Hope that helps.

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    I've been using T'Bird for a very long now and while not an expert I could certainly be called a Power User. Have you tried adding after all of the copy rules as the very last action a Delete action? Be very careful to restrict this to the Sent folder.

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    Silver Lounger RolandJS's Avatar
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    Quote Originally Posted by TheRedBaron View Post
    I've been using T'Bird for a very long now and while not an expert I could certainly be called a Power User. Have you tried adding after all of the copy rules as the very last action a Delete action? Be very careful to restrict this to the Sent folder.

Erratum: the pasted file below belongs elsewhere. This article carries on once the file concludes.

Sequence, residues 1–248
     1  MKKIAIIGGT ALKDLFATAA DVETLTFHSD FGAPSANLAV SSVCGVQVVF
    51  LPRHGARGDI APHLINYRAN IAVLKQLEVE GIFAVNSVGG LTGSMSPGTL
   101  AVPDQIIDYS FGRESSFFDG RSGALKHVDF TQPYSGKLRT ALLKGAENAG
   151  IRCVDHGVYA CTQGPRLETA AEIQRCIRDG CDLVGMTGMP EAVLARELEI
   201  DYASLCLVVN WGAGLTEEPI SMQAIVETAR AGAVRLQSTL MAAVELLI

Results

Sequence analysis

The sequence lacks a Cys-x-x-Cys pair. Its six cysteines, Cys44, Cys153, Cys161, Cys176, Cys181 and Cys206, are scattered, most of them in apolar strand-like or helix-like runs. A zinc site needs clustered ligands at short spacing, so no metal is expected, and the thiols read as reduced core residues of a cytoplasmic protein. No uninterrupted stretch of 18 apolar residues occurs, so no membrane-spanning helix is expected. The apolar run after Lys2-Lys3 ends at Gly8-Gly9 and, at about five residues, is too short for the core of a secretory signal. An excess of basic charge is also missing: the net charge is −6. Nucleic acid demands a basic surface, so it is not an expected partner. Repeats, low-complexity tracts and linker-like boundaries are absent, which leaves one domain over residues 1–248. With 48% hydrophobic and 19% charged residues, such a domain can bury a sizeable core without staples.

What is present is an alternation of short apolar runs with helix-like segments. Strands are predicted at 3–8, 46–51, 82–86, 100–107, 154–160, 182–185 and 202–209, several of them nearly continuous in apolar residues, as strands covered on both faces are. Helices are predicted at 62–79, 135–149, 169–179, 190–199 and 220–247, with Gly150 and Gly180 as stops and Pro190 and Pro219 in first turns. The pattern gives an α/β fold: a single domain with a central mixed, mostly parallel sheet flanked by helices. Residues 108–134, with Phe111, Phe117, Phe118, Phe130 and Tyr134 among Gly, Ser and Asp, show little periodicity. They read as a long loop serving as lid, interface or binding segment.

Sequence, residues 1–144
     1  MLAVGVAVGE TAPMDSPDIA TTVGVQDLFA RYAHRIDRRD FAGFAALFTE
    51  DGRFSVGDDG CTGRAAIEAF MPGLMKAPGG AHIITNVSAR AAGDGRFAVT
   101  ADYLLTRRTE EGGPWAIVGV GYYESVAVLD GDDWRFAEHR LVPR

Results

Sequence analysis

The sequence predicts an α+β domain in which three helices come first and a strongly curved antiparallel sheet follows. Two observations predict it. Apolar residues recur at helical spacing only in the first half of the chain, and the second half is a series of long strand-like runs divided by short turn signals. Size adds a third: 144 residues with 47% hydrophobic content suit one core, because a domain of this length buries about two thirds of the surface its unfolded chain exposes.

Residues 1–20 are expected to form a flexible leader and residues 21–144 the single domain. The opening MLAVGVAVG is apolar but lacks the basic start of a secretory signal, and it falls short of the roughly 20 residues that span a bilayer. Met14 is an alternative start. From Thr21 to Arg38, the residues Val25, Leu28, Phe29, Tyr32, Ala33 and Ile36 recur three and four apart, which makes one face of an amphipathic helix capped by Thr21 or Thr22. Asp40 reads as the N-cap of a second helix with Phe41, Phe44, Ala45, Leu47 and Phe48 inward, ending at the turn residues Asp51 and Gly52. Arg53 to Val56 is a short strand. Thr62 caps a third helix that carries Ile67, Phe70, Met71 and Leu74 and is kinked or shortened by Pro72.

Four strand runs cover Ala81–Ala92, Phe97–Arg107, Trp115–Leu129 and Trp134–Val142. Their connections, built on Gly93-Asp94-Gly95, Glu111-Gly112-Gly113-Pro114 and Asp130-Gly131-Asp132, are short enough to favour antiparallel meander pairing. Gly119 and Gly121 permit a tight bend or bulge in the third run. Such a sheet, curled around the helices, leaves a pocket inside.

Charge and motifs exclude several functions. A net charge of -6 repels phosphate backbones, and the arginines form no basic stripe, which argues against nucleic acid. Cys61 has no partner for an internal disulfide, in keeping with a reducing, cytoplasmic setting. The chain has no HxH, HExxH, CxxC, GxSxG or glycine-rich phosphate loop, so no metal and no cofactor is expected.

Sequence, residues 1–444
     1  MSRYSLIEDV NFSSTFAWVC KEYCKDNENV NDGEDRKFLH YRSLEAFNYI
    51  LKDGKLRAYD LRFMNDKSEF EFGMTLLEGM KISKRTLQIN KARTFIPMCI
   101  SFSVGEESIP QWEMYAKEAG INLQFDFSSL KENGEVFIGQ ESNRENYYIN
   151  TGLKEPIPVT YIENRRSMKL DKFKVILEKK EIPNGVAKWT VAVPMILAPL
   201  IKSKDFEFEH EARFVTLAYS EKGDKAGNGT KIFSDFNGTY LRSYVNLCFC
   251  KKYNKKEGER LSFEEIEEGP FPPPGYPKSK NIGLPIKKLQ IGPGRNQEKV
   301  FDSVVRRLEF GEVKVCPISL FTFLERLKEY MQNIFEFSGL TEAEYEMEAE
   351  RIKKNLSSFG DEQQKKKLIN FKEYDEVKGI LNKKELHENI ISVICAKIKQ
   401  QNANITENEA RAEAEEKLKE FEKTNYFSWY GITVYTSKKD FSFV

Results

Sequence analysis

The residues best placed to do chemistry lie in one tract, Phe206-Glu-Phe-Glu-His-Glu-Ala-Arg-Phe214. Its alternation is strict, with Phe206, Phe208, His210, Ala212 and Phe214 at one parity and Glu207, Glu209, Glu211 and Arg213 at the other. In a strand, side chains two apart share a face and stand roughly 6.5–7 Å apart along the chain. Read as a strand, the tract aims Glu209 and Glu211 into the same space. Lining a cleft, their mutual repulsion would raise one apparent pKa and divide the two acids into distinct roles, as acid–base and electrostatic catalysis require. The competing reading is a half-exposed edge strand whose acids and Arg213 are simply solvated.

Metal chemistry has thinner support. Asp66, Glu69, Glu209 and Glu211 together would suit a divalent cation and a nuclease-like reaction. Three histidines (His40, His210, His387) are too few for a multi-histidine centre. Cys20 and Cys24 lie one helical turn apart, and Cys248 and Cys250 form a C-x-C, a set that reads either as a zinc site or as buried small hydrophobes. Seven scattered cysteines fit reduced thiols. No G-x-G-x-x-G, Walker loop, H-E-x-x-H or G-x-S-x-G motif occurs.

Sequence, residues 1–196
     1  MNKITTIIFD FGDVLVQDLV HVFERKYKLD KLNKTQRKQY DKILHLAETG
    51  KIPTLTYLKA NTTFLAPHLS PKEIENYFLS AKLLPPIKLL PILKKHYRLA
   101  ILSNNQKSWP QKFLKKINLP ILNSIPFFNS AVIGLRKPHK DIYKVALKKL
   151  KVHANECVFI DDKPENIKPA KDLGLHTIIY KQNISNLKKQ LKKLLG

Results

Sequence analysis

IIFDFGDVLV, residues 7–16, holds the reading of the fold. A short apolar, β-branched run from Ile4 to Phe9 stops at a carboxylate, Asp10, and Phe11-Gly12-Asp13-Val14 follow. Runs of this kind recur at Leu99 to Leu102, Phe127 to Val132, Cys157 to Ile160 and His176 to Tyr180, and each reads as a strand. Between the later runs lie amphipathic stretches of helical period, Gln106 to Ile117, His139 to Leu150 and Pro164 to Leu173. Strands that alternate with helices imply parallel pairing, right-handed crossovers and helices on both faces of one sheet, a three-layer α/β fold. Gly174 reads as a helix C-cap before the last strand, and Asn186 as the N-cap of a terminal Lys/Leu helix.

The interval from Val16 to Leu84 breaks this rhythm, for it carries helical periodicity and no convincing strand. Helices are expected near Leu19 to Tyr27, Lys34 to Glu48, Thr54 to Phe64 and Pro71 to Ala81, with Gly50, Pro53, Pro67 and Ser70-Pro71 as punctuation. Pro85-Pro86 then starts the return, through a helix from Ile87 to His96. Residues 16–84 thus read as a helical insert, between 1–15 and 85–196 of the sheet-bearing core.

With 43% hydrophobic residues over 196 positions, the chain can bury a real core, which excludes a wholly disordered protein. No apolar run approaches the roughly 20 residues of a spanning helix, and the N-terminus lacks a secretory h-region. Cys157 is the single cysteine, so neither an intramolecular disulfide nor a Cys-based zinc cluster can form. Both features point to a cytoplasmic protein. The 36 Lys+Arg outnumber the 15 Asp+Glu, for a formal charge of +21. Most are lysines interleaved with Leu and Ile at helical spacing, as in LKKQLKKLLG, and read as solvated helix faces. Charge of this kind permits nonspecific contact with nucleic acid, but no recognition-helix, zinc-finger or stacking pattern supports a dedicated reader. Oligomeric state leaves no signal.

This sounds very good, I think I can do this if you will tell me exactly what & how to add after copy...sent folder. Thanks!
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    Quote Originally Posted by TheRedBaron View Post
    I've been using T'Bird for a very long now and while not an expert I could certainly be called a Power User. Have you tried adding after all of the copy rules as the very last action a Delete action? Be very careful to restrict this to the Sent folder.
    I tried adding a "Copy Message to" (a subfolder of a folder called "Clients" that I created at the top level) and followed that (in the same rule) with a "Move Message to" the trash folder. I tried adding a "Delete" after the copy, but for some reason the copy gets marked as "Read" which is exactly the wrong behavior. Copy followed by move to trash leaves both the copy and the moved original as "unread," which isn't perfect but much better than missing an email from a client.